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Daily Fiber Benefits: These Are Crucial!
Fiber is increasingly in the news for its important role in digestive and heart health. But how much do you really need? Women should be consuming about 25 grams of fiber per day, and men should consume around 35-40 grams per day. It’s estimated that most developed countries only consume half of their required daily needs of fiber.
There are two types of fiber – soluble and insoluble. Soluble fiber creates a gel that keeps your food in your stomach longer, allowing it to be more fully digested. Soluble fiber assists in regulating cholesterol and blood sugar in the body. Insoluble fiber acts like a bulk mass, moving food stuffs through your digestive system. It helps clean out lingering food or feces and detoxify the digestive tract.
Crucial benefits of daily fiber
- Studies show that a high fiber diet actually fights obesity.
- Its well known that fiber is crucial for digestive health. Fiber keeps your bowels moving, preventing constipation and other digestive ills. It can even combat irritable bowel syndrome (IBS), a serious disease of the digestive system.
- Enough daily fiber can prevent diverticulosis, a condition of the digestive tract, often colon, that creates small pockets through the outer lining of the organ.
- Fiber also fights heart disease.
- Daily fiber helps regulate blood sugar levels, and can significantly help those with diabetes.
- An adequate fiber supply can battle hypertension and even cancer.
- Fiber helps the digestive system by supporting good bacteria, and discouraging bad bacteria. This means better digestion, a stronger immune system, and regular bowel movements.
Foods high in fiber
Most processed foods have added synthetic fibers that are not truly healthy for you. It’s best to get your fiber from natural, whole foods rather than processed foods. Try adding these high fiber foods to your daily diet to ensure you get enough fiber. It’s easy to choose two to three high fiber, all natural foods to squeeze into your menu.
You will find fiber in grain products, however, most are so processed that the real fiber is removed, and synthetic fiber added back in. Generally, whole grain wheat products contain more fiber than white (bleached) products. So, whenever possible, go with whole grain. In addition to grains, there are plenty of plant foods that supply even more fiber, and also have loads of other vitamins and minerals.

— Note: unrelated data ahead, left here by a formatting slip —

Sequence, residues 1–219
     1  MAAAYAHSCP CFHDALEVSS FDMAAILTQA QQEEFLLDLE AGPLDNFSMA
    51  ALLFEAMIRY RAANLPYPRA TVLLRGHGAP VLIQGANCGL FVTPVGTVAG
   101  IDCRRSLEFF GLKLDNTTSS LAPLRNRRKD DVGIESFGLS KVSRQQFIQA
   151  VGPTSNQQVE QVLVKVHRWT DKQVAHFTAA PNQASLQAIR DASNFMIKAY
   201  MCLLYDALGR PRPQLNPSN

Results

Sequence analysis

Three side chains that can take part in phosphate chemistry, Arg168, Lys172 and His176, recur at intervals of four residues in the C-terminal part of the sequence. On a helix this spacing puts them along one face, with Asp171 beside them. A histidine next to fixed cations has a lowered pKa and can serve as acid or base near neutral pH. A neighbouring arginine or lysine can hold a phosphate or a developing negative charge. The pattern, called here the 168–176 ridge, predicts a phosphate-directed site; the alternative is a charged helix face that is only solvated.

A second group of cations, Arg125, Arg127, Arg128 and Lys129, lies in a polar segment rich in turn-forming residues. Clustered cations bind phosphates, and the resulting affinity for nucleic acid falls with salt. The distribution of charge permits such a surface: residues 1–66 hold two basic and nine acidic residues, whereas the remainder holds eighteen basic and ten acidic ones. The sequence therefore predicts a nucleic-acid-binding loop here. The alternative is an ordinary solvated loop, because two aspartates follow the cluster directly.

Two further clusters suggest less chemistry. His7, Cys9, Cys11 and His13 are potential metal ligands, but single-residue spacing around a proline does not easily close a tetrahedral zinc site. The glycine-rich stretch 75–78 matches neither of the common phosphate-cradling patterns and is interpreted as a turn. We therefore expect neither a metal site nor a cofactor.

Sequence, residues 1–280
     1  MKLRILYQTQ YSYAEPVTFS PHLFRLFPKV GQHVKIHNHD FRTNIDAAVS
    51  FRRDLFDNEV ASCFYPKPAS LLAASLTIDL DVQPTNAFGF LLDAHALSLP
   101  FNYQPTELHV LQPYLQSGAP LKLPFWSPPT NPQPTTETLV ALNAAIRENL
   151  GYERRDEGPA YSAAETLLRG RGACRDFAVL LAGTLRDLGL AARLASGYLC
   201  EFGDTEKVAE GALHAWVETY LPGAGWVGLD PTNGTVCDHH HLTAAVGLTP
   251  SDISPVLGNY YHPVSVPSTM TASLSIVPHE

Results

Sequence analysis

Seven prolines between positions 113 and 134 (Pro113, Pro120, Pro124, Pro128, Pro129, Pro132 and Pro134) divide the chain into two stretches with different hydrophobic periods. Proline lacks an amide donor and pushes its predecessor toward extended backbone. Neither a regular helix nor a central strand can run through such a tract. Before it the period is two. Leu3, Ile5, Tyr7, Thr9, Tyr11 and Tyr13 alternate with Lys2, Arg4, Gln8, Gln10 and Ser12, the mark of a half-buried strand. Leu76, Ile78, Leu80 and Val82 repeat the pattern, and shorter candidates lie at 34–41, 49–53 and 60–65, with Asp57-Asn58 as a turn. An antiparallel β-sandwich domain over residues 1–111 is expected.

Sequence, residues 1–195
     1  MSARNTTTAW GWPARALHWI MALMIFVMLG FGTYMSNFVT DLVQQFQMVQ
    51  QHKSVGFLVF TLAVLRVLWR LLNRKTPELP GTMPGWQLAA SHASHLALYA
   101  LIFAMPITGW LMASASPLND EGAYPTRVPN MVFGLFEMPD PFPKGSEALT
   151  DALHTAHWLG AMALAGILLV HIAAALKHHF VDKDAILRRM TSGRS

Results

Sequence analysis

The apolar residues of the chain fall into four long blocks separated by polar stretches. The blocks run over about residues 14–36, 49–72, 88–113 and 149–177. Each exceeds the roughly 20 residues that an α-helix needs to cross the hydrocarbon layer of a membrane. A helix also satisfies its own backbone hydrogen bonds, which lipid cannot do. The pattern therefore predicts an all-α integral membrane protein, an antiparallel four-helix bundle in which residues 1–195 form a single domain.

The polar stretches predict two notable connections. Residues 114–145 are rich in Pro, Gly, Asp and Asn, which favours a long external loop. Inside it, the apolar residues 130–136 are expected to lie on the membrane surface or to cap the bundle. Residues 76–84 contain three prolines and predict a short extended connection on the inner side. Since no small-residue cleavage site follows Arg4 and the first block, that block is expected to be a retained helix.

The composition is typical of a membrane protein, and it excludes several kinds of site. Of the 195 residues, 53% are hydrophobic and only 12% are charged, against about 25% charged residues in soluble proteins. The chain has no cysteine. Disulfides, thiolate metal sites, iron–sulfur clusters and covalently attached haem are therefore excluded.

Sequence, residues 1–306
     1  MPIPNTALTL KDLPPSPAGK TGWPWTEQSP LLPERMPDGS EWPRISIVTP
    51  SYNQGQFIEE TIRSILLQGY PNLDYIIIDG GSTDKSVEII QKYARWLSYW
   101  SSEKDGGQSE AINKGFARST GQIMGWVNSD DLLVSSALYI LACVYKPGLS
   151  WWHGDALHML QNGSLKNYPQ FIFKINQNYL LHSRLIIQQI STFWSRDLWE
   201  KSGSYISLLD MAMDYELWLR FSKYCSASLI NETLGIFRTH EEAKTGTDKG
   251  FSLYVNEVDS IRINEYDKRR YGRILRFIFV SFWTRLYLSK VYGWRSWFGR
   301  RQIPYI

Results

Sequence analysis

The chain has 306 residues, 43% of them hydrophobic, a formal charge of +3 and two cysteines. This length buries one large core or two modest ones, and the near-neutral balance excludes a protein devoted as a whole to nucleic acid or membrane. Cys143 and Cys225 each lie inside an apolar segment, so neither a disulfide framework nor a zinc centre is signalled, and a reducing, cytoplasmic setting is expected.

- Lima Beans – 13 grams per cup.
- Peas – 9 grams per cup.
- Artichokes – 10 grams per cup.
- Coconut – 7 grams per cup.
- Pears – 10 grams per cup.
- Split peas – 16 grams per cup.
- Black beans – 15 grams per cup.
- Acorn Squash – 9 grams per cup.
- Nuts – 11 grams per cup.
- Lentils – 15.5 grams per cup.
- Chickpeas – 12.5 grams per cup.
- Chia seeds – 10 grams per cup.
- Quinoa – 5 grams per cup.
- Avocadoes – 10 grams per cup.
- Berries – 8 grams per cup.
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Is it possible to eat too much fiber?
Yes, of course. If you consume well over 50 grams of fiber daily, you can experience constipation, abdominal pain, acid reflux or dehydration. You can also not get the benefits of vitamins, minerals, and prescription drugs if you consume them along with too much fiber. But, these are usually due to eating too much fiber too quickly, or taking too many fiber supplements. It’s hard to consume that much fiber, so unless you experience symptoms, you likely do not need to worry about overindulging in fiber.